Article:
It is also important that if the message has a ‘thread’ (like a storyline) that the listener does not lose that thread due to some short lived issue – missed words due to accent, background noise or indeed the use of unfamiliar words and jargon.

Thus, when telling a story there needs to be redundancy in the message (just like in electronic communication protocols) such that if the thread is dropped it may be picked up again.


I recently moved to the USA from the UK and am currently learning how to communicate across a cultural divide.

Anyone would think that Americans would speak English and perhaps they do, but ‘English’ is such a broad church that it allows for different groups to live their entire lives using only slightly overlapping subsets of the language. Observing these vocabulary differences I have noticed a sort of one-way breakdown that occurs in this case…

Diodes only allow electons to flow one way...

Just like a diode can allow electric current to flow one way and not another, it seems that poor vocabulary matching can have a similar effect on a message. It turns out that when Americans talk at me, I can easily recognize the words I don’t know, but when I talk I cannot recognize (or predict) the words they won’t know.

This may seem like a statement of the blindingly obvious, but it is the same effect as the card trick when the magician shows you a bunch of cards, say ten, and asks you to pick one and remember it. He will then shuffle the cards and show them to you again and tell you that your card has been removed. Lo and behold, your card is gone. Amazing, how did they know which one to remove, what are the chances!?

Well the trick is simple, the magician changed ALL the cards with sleight of hand, and relied on the fact that you didn’t bother to memorize the ‘other’ cards.

It is similar to the issue with speaking to foreigners – it is very hard to know which of your words are missing from their vocab. You can spend weeks or months living with them and you will pick up their vocab but you will find it hard to notice the words they don’t use. Thus after a while, a foreigner will understand pretty much all he or she hears, but when they talk, will still be poorly understood as they will persist in using unknown words.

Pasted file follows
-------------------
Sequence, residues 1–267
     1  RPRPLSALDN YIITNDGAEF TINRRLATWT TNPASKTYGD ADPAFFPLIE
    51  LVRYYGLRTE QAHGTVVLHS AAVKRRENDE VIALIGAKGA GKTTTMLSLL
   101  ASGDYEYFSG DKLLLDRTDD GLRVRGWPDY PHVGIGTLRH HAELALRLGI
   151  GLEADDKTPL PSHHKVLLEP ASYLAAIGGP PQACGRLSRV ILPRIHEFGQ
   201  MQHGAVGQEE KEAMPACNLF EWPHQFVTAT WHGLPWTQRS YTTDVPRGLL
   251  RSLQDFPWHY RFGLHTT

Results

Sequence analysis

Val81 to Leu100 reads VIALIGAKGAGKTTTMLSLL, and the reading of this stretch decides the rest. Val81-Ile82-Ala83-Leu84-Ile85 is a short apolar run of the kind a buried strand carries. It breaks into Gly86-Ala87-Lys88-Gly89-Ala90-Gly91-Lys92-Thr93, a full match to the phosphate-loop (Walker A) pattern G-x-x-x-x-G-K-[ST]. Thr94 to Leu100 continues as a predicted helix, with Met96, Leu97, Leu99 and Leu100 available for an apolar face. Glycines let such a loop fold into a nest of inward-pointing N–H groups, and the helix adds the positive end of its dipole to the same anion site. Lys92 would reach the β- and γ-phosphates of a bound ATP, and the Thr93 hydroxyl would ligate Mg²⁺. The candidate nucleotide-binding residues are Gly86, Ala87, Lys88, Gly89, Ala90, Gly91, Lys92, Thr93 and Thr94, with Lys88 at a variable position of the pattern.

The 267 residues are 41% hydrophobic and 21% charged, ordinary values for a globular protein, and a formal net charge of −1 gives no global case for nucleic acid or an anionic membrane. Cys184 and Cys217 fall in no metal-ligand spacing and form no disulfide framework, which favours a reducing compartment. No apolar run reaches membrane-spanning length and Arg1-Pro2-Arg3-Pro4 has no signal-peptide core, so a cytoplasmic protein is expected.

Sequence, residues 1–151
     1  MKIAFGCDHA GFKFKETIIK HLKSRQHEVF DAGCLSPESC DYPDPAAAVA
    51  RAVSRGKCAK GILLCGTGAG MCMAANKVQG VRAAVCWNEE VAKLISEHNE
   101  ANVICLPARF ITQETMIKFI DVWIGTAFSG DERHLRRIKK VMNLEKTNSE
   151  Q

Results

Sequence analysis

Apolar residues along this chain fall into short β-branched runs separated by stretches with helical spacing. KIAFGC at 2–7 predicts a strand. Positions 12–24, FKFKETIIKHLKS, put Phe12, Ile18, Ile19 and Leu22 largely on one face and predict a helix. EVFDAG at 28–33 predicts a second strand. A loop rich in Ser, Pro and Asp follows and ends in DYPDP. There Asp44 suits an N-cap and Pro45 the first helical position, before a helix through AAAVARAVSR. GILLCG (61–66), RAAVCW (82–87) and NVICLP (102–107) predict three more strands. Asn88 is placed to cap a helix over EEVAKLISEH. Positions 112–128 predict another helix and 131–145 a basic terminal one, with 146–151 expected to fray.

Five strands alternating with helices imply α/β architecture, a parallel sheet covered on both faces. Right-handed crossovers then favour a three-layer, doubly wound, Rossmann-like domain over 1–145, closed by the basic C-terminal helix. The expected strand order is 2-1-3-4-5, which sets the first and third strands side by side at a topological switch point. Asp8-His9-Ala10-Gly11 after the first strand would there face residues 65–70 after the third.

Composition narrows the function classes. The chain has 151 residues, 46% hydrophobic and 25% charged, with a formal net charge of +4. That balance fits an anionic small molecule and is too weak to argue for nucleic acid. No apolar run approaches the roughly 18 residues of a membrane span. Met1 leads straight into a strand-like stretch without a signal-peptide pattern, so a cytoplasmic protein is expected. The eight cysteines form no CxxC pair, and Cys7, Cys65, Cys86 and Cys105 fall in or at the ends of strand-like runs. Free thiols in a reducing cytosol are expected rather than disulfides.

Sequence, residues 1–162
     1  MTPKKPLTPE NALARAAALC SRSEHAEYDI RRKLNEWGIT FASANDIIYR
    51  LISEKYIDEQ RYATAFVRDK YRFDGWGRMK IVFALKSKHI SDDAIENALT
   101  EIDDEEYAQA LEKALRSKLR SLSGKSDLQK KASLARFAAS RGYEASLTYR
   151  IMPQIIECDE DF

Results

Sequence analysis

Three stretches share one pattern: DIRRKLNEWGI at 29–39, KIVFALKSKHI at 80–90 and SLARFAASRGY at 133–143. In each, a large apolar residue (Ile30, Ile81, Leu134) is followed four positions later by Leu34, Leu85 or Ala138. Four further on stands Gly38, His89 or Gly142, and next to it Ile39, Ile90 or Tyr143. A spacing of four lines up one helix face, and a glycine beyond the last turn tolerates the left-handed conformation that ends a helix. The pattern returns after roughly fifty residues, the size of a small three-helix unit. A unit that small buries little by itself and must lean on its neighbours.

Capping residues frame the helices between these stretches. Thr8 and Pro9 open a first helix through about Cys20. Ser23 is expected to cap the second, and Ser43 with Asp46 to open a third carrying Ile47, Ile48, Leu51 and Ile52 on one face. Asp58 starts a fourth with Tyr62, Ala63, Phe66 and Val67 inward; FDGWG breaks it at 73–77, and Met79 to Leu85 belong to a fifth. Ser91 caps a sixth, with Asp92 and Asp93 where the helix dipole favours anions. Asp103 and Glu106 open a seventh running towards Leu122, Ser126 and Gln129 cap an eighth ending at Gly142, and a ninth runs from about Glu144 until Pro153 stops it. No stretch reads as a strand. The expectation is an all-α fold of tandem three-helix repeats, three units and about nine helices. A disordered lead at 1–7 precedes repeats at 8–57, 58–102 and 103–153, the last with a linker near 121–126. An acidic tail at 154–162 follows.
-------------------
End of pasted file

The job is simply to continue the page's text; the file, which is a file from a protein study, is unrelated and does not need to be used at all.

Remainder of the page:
Thus the flow of information is retarded in one direction only. I think this is a neat observation. That is to say, it is cool and clever, not clean and tidy 🙂

Evolution in the toilet bowl

No, this blog is not about how evolution theory is going down the toilet, crushed in the cold grip of reason by The Discovery Institute.

This blog is about how toilet bowls can be used to show speciation forces at work [speciation – the birth of new species].

You see, I have just recently moved to the US, and have noticed the toilets here exhibit characteristics different to their UK and European cousins. Most specifically, US toilets are filled far higher with water and the water surface is greatly increased in diameter. Furthermore, the flush-handles in the US are more often on the left, rather than on the right as they are in the UK.

How can it be in such a small and networked world, such a speciation could occur and indeed survive?


A short stroll on the ‘net does not reveal much about how Americans came to prefer deep water, so I will have a guess. Presumably some big brand (like American Standard) was strongly dominant and the flagship model offered deeper water –  perhaps to prevent skid-marks, or maybe to ensure ‘complete submersion’. As this brand was so strong it was copied, and became the standard. Time passed, and now the average american might turn their nose up at the European low-level option (or indeed the interesting Asian options).

Question: When a European sees an American toilet, are they amazed at its superiority?

No. People don’t like change – and the deep American version is probably not actually any better. For example, the chance of urine splashing on the seat (or on one’s rear for those sitting) is increased, and so therefore, if anything, I would say the ‘deep dish’ is inferior.

So what does this say about evolution? It shows how a contraption, in different environments, will evolve to become different. But more interesting (to me at least) is that Americans and Europeans are not really significantly different and thus the pressures at play were really rather random. It is not as it American toilets have evolved to be stronger because Americans are larger (that would be no surprise) –  this ‘depth’ evolution is different – and very real, but the result of an almost random mutation (of the water depth) that is perhaps not any fitter, just different, and it has survived, despite its weaknesses, due to its isolation across the pond.

What I am saying is that in replicating systems, things will drift apart (there is a natural divergence) on a fast time scale, and the survival of a trait is on a longer time scale. Perhaps in 200 years time we will see no more deep toilets, but right now we have a new species.

Thus I propose you may actually get speciation from drift alone without fitness actually being tested.